• Online Gallery – There are many specialist online galleries where you can display your photos and share with your clients. They offer a more high end feel and are a great way to show off your work. Prices vary between services but you’ll get additional features such as mobile galleries and various templates and themes to customise the look of the gallery. Pixieset is a great online gallery which you can find out more about here:


It might seem simple at first; go and take a few pictures of houses and rooms and get paid right? Well, there’s a little more that goes into shooting property such as preparing for the shoot, finding clients, communicating with those clients to determine what product they require, post production, delivering the photos and any other media, billing clients and then ensuring that the client is satisfied with the final output. Remember, you’re working alone now and so it’s up to you to manage all of these aspects if you want to succeed in the industry.

On top of taking the pictures, be prepared to have to adjust furniture, tweak curtains, turn lights on or off depending on what is required to highlight the room, move props and anything else you feel is required to get the perfect shot.


Although this is a very important point to cover, I’m not going to give you an exact number because there are so many factors that can affect this such as location, types of client, level of expertise and many more. What I can tell are some of the factors that you need to consider when setting your price:

  • How far away is the job? Ensure that you allow a budget to cover travel and time to get to and from your job.
  • What is the purpose of the photos? Are you taking a few high end shots for a magazine? Are you simply taking a few shots of each room for the purposes of an estate agent or developer who is looking to sell the property?
  • How much editing time do you need? You’ll need to allow more time if you’re producing high end photos that have more editing such as exposure blending or removal of distracting objects etc.
  • How much do you actually need to live? When you’re working for yourself, you need to think about how much money you need to make to cover your costs.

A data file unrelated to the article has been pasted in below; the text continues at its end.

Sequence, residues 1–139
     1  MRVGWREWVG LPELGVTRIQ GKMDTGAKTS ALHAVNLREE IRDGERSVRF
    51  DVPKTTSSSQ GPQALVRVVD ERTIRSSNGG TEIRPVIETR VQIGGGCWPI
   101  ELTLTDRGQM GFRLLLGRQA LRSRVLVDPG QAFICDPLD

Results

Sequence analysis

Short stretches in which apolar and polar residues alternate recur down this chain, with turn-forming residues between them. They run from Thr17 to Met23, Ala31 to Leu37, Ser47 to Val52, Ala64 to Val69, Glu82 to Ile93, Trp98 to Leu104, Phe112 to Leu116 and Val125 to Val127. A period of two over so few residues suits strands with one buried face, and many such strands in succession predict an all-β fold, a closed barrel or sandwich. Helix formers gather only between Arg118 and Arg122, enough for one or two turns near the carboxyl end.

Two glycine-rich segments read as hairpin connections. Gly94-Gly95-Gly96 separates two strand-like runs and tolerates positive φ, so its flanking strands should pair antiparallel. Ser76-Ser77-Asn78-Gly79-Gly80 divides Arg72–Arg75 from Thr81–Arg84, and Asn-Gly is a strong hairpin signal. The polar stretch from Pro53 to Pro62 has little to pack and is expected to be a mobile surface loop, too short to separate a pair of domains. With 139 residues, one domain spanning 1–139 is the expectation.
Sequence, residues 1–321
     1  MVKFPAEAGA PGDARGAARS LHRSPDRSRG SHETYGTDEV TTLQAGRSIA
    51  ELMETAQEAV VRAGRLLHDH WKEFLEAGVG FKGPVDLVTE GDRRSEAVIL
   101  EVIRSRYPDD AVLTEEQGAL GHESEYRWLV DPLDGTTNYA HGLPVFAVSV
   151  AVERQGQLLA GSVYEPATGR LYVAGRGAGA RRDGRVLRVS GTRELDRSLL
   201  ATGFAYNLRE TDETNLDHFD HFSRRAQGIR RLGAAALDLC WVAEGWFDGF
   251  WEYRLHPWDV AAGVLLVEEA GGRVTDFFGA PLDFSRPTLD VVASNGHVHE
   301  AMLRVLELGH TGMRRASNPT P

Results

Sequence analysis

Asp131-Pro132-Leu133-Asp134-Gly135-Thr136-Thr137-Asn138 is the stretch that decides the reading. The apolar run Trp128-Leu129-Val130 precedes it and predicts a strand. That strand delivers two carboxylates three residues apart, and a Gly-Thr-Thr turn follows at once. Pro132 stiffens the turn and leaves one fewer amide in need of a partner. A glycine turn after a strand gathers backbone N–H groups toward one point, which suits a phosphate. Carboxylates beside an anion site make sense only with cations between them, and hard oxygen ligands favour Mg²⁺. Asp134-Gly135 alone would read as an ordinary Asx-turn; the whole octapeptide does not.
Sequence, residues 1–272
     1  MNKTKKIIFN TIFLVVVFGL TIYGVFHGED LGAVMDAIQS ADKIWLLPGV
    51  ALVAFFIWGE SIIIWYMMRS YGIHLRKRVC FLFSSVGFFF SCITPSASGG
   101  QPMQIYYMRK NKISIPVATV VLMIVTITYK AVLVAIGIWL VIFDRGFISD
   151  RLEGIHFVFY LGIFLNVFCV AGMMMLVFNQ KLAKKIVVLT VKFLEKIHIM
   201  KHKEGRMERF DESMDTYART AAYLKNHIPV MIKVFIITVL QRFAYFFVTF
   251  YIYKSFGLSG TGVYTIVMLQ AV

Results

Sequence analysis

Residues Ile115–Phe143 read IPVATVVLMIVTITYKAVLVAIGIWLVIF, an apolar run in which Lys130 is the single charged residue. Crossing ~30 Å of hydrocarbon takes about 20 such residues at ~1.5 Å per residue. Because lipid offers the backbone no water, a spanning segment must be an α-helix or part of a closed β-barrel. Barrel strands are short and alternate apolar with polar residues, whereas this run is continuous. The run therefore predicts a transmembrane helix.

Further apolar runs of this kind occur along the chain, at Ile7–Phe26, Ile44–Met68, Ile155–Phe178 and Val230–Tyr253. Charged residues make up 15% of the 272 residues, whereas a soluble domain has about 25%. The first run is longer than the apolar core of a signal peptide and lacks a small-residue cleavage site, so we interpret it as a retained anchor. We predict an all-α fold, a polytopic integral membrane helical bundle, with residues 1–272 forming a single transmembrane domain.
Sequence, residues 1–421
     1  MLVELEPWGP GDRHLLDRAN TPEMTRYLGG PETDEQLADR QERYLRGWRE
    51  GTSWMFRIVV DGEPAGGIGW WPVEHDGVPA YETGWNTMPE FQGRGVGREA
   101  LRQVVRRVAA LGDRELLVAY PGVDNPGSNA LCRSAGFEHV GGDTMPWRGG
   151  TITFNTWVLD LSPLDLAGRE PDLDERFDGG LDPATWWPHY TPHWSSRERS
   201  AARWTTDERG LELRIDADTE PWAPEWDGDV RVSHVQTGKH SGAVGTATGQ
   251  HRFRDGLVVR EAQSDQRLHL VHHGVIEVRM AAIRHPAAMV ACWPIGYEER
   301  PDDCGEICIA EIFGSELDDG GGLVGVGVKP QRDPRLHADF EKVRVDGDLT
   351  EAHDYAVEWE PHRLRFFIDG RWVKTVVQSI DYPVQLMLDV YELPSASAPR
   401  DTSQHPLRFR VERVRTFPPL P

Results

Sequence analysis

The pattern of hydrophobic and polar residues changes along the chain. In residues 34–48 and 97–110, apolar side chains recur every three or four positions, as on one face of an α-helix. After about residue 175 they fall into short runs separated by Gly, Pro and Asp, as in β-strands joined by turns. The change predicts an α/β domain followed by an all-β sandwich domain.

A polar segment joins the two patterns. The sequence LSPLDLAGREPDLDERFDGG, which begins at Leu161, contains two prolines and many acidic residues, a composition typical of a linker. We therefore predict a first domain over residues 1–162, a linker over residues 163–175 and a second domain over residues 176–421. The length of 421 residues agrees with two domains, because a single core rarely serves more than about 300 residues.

• What are others in your area charging? It’s worth doing a little investigation into who else covers your area and find out what they are charging. If you’re new to Property Photography then you’ll need to adjust your prices to suit.

If you’re working for an agency, they may dictate the price; they often pay quite low amounts compared to developers or private clients but they do tend to take care of the editing for you so there’s much less work for you to do once you’ve taken the images.


By this point, you should have all of the equipment you’re going to need and hopefully you’ve talked to some potential clients but before you go out on your first shoot, PRACTISE!

Get your equipment out and shoot your own property as if it were a client’s job and edit the photos to the highest quality you are able to. This is the opportunity for you to experiment with angles to see what works and what does’t work. See what edits look good and what doesn’t work so well. This is the time to get things wrong without it having any negative consequence and you can repeat this step as many times as you need to before you feel ready to take on that first paid job.

Stay tuned for more detailed articles that will break these topics down into more detail, and if you have any specific questions about this article, leave a comment below.